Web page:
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ENTSOG: European storages must continue to inject gas in preparation for future high-demand situations

The European Network of Transmission System Operators for Gas (ENTSOG) has assessed the capability of the European natural gas system to cope with normal or cold winter conditions and high-demand situations.

“The analysis presents a positive outlook, due to high storage levels and the flexibility provided by the European gas infrastructure,” commented Piotr Kuś, ENTSOG General Director. “Enhanced cooperation and additional LNG import capacities can efficiently reduce dependence on Russian supply. Given the uncertainty of the situation, gas TSOs have investigated possible capacity enhancements that could further optimise gas flow from West to East.”

Indeed, according to the Winter Supply Outlook 2022-23 and Winter Supply Review 2021-22, the gas storages significantly contribute to the security of gas supply. On 1 October 2022, the EU storage level (89 per cent) was one of the highest on record (985 terawatt-hours, TWh) and higher than the objective set for Member States to inject during summer 2022 a minimum of 80 per cent of their capacity of storages, or 35 per cent of their annual gas demand.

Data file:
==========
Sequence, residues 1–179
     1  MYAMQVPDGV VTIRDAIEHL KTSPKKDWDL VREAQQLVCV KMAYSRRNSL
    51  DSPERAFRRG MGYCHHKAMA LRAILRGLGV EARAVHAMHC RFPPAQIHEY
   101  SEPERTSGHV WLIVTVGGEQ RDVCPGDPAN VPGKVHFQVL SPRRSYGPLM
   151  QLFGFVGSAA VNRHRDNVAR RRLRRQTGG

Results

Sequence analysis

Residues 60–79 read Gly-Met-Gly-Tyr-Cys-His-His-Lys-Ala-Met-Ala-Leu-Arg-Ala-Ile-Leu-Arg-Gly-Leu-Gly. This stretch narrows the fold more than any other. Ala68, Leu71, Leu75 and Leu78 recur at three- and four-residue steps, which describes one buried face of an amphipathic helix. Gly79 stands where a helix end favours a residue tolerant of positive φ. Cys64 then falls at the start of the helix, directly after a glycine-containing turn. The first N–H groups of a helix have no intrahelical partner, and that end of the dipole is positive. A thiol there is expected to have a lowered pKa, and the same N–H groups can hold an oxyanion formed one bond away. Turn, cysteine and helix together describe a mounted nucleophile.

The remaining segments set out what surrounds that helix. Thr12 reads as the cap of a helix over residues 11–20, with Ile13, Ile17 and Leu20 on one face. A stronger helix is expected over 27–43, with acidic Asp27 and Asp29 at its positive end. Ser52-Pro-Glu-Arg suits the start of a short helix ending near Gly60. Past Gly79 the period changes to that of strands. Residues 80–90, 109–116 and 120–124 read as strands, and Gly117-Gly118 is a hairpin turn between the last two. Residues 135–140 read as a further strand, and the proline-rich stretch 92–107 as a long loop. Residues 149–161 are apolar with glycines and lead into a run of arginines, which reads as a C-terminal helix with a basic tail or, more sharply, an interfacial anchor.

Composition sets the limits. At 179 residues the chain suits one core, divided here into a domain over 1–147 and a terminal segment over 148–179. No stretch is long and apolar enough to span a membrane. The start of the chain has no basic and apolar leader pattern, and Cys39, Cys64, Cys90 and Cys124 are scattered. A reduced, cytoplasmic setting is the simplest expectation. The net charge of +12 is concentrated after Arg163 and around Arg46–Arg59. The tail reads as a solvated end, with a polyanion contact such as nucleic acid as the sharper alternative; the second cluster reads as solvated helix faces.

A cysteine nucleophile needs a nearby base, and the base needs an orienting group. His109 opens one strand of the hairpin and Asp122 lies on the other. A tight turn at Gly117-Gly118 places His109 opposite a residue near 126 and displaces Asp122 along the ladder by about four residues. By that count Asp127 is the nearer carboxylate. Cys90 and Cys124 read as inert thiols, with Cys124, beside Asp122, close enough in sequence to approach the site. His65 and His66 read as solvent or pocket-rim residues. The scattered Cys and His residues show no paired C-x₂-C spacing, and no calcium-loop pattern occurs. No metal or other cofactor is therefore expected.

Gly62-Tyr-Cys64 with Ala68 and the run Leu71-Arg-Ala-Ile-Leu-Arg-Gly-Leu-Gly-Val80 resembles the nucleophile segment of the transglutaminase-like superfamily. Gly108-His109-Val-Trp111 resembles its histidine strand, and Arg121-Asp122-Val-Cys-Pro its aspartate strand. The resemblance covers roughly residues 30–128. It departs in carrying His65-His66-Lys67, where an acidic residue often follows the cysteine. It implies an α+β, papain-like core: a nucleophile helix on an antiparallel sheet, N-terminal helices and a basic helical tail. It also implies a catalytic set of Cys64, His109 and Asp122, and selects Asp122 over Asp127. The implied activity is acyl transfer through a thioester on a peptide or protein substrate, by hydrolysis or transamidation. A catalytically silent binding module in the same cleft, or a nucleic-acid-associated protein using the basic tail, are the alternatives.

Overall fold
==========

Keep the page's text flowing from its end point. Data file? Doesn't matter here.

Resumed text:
In the case of a normal winter, the gas system can ensure demand and supply adequacy. However, due to supply constraints, most Member States are exposed to a limited risk of demand curtailment. In case of Russian supply disruption, cooperation among all European countries can partially mitigate this risk. Furthermore, LNG imports could be increased by up to 100 billion cubic metres (bcm) over the winter, significantly higher than the maximum volumes ever observed in winter. In case of Russian supply disruption, this additional supply could reduce the risk of demand curtailment from 13 per cent down to 6 per cent across Europe during a cold winter.

However, ENTSOG also warned that an early and significant storage withdrawal could result in low storage levels at the end of the winter season. This will have a negative impact on the flexibility of the gas system – and may increase exposure to demand curtailment in the second half of the winter season, especially in case of cold and high-demand events. Therefore, it is important that all European storages continue to inject gas to the extent possible and that the European gas system continues to use imports to prepare for high-demand situations as well as to ensure the security of supply also in the following periods.

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